Cancer is one of the most feared diseases. Radiotherapy is commonly used in about 50% of all cancer patients. Although the radiotherapeutic protocols have been improved significantly, only a limited number of patients are entirely cured and severe side effects are often induced. Hadrontherapy and protontherapy are approaches superior to conventional photon radiotherapy because of the maximal energy they deposit at the end of the track (the Bragg peak) and the absence of damage induced behind the tumor. However, the technique is limited by the damage caused along the beam path in healthy tissue located in front of the tumour.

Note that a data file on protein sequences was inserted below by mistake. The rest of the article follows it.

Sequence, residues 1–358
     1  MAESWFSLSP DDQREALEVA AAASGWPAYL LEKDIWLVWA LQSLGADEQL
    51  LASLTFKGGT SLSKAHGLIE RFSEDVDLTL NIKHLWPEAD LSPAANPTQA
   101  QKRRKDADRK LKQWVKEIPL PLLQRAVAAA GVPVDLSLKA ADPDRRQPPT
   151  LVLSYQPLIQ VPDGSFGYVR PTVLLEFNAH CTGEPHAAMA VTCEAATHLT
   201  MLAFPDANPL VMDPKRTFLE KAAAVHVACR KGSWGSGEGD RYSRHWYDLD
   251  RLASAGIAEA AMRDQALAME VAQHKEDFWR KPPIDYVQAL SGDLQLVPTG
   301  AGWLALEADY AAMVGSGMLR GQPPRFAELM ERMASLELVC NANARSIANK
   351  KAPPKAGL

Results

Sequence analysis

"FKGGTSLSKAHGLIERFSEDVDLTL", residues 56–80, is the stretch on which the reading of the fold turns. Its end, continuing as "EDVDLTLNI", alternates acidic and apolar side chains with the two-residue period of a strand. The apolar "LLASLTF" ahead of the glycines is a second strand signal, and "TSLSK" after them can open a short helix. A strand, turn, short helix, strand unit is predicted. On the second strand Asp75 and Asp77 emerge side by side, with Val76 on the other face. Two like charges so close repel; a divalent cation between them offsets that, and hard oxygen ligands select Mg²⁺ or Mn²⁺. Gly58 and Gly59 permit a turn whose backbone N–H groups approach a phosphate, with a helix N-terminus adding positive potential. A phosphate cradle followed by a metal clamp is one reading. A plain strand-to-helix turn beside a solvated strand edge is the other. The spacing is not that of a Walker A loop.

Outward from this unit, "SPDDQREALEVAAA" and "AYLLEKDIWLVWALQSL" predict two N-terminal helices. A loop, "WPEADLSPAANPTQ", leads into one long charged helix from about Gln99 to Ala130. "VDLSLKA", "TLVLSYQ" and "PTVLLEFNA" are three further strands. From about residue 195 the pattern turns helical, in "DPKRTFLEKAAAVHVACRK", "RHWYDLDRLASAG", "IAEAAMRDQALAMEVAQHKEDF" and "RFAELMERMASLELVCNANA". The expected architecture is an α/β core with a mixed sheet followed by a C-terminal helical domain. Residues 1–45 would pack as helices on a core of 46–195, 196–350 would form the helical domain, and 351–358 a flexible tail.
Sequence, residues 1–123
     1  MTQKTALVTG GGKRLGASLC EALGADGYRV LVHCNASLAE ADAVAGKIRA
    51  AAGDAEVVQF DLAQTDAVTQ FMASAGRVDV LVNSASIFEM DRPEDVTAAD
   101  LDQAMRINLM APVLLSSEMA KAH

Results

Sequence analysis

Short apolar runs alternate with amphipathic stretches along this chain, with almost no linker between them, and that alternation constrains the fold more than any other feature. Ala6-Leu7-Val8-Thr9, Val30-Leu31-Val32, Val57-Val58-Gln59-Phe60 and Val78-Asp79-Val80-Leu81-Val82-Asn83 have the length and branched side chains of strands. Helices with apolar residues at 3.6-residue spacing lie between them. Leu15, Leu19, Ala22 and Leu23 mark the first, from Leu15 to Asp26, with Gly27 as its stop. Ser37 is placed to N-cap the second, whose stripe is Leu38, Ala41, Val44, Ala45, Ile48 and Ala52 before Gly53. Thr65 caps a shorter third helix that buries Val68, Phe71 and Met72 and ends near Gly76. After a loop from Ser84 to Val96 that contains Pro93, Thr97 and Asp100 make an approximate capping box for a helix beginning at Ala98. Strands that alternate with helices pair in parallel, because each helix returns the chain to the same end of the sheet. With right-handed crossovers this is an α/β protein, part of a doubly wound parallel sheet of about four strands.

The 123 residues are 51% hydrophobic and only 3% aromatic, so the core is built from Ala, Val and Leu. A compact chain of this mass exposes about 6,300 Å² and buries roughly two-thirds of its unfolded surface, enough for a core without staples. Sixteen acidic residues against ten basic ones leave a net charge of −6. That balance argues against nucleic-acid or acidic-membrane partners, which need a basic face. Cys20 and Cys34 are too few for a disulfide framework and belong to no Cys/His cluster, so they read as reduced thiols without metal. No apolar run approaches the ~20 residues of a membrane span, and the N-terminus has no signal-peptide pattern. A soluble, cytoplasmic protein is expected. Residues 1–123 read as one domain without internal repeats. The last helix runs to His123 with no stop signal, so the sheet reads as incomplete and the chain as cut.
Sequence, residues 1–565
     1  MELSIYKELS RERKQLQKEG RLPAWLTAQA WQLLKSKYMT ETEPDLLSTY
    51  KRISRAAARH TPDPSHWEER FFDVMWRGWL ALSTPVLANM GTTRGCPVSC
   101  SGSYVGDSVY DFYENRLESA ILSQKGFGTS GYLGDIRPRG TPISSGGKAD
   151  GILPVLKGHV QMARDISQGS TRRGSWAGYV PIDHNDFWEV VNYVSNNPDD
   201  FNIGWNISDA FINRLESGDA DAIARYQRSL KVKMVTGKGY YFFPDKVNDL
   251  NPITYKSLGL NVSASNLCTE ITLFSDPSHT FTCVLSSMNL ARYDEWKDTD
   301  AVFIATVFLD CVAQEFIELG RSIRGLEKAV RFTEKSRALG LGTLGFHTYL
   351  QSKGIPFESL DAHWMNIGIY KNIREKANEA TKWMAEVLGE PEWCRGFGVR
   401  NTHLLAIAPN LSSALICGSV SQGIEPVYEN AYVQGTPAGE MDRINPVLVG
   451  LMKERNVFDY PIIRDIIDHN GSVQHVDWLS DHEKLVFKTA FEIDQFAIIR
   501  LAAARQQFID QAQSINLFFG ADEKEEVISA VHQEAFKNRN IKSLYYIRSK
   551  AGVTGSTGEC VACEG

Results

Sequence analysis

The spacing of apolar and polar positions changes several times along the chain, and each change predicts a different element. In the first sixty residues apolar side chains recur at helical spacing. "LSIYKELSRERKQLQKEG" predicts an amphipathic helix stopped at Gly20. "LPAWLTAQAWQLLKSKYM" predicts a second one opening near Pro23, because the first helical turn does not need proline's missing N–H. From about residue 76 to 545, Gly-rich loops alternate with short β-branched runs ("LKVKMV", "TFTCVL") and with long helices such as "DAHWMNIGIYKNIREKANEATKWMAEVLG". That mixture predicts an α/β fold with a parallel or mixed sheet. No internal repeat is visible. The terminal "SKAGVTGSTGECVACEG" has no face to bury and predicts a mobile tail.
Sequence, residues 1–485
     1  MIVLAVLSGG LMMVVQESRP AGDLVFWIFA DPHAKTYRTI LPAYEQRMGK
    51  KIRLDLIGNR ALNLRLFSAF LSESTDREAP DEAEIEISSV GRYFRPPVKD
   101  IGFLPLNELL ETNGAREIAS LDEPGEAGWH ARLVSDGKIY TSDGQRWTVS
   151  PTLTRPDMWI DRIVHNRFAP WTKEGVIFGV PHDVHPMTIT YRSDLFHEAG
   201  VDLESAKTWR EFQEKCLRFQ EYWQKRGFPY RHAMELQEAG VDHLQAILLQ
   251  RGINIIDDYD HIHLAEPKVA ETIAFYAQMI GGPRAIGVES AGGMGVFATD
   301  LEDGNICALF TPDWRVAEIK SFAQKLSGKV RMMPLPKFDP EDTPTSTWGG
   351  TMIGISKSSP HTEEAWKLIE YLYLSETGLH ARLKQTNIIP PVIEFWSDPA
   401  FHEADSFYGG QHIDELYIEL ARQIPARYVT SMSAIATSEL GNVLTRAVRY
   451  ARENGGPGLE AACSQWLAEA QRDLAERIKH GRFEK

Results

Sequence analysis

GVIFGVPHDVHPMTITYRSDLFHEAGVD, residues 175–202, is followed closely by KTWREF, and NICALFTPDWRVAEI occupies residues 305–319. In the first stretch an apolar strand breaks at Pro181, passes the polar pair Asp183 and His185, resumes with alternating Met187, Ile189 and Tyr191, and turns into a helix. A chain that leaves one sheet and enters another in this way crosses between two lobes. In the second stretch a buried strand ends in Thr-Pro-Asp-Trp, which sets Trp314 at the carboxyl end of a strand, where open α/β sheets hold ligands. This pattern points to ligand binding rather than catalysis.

Dr. Lacombe's work focuses on improving the hadrontherapy performances using metal nanoparticles (NPs) as radiosensitizers. This is a highly innovative strategy aiming at increasing efficiency and tumour targeting of the treatments. So far, the group focused on the physical properties of the nanoparticles. The objective of my project is to characterize fully the biological effects induced by NPs in DNA and living cells, submitted to medical ion radiations. During the project I will address the cellular toxicity, localization, uptake and quantification of NPs, and I will specifically dissect the cellular response to the combined treatment of NPs and fast ions/protons down to the molecular pathways. To answer these questions, I will make use of the highly advanced experimental instruments and methods available at the host institution and collaborating laboratories. The results obtained during this project will be highly relevant not only for the research community, but also for the industrial sector that synthetizes the NPs and for the medical community who will be closely involved in the project. This multidisciplinary research at the interface of physics, chemistry and biology is unique in Europe and promises novel propositions for future cancer treatments.
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